Saturday, 20 March 2010

Trial & Error

Toward the end of last year I went on a printmaking course at the Eagle Gallery in Bedford (you can read about it here), which inspired me to have a go myself. I started out with a Christmas card design linocut (Christmas being very much on my mind at that point) and had great fun cutting a little Christmas tree and attempting to print it up:

Tree © Teresa Kirkpatrick 2010

I quickly realised my first mistake: unless you are using a press, a paper with a rough surface is not a good idea. It took ages to produce even this result, and my hands felt as though they had been cut to pieces. I painted the red in afterwards but it still looked shabby - I'd coated the lino with emulsion first (to show up the design) but neglected to sandpaper the surface, so the ink was never going to take properly. But I'd Made a Start.

Fired with enthusiasm and virtually no knowledge I decided to attempt a reduction linocut, where you cut away the white areas first, print, and then cut away the next colour and print, and so on. I wasn't completely mad, though - I was still only using my two colours LOL. I didn't bother with proper registration, either, I just wanted to see what would happen (after all, this was my experiment and nobody else's!). I'd got hold of a couple of books on printmaking by now and using one of their tips I added a tiny amount of washing up liquid to the ink. And I used a smoother paper this time. Which yielded the following result:

Lily © Teresa Kirkpatrick 2010

Now, I'd be the first to admit that this is far, far from perfect - it's way out of register, for a start. But I loved it! the depth of colour, the zen quality of the simple design; I knew then that reduction linocuts are the way forward for me no matter how long it takes to perfect my skills. I'd sorted out what paper to use; I knew which way to go; now I had to try something a little larger than these 2 inch squares.

For my third experiment I went up to an A5 lino block. I'd found an excellent online tutorial here which helped me to set up my registration and organise my design. I abandoned the emulsion idea and used a waterproof pen to mark it up. When I began to print it I realised I'd chosen to work with four colours - which was at least one too many, but so what? I was Having a Go:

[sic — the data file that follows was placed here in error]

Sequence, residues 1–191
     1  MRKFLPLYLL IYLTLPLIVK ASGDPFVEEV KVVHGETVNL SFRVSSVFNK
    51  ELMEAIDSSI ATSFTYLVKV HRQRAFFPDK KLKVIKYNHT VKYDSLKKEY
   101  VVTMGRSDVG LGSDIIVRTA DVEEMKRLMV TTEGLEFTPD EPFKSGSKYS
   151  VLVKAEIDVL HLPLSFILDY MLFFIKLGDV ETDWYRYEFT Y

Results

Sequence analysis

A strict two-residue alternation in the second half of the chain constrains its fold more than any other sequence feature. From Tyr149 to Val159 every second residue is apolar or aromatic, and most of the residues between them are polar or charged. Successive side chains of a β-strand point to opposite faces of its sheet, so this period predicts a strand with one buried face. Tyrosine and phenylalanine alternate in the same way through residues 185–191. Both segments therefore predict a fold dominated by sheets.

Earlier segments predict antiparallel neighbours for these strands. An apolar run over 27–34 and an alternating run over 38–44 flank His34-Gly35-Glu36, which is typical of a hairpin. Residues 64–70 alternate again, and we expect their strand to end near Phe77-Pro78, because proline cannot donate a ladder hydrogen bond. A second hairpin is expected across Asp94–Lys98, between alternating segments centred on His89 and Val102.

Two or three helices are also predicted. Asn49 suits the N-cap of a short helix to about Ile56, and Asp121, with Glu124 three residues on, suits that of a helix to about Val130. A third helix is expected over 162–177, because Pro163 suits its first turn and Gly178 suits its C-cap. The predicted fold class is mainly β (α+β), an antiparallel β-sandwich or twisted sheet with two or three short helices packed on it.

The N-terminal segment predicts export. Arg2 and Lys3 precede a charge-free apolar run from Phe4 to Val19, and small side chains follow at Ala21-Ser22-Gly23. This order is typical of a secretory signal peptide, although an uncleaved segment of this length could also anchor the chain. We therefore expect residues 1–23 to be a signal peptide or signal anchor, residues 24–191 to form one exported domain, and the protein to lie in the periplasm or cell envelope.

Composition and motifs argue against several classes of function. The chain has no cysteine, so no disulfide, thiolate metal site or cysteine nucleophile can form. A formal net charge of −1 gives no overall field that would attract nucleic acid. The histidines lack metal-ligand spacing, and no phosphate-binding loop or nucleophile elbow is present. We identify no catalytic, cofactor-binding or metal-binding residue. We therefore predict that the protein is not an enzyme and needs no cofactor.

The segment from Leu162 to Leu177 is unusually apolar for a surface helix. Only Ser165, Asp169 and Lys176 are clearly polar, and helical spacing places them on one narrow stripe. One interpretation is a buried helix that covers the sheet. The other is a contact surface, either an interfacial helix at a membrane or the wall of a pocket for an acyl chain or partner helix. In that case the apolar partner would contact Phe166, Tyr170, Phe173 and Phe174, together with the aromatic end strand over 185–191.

Skelligs I © Teresa Kirkpatrick 2010

Ok, this one isn't perfect either. It's one of five hand pulled prints, none of which are great but in terms of registration and design are getting there. The colours are far too strong, so my next lesson is to Learn My Inks (and I need to Cut Deeper, and work at A4 size, because I'm cramping myself).

I'm certainly not there yet, and because of the time and effort involved (and the need to do painting in my free time as well!) I won't be there for quite a while. But watch this space - I'll keep you posted!!


  1. I love this - it's so great to see how you're progressing and read about all the ins and outs of it all. I'm really lagging behind - I haven't tried anything since the workshop despite all my enthusiasm. You put me to shame!

  2. Originally I wasn't going to blog about my printmaking until I had a really good print to post. Then I realised that could take years . . . it's great fun learning and every printmaking session brings new challenges!

  3. Very interesting and very accomplished as well for first attempts. I'm particularly heartened by the upbeat nature of your comments - this is clearly something that you're going to be really good at given time and further experimentation.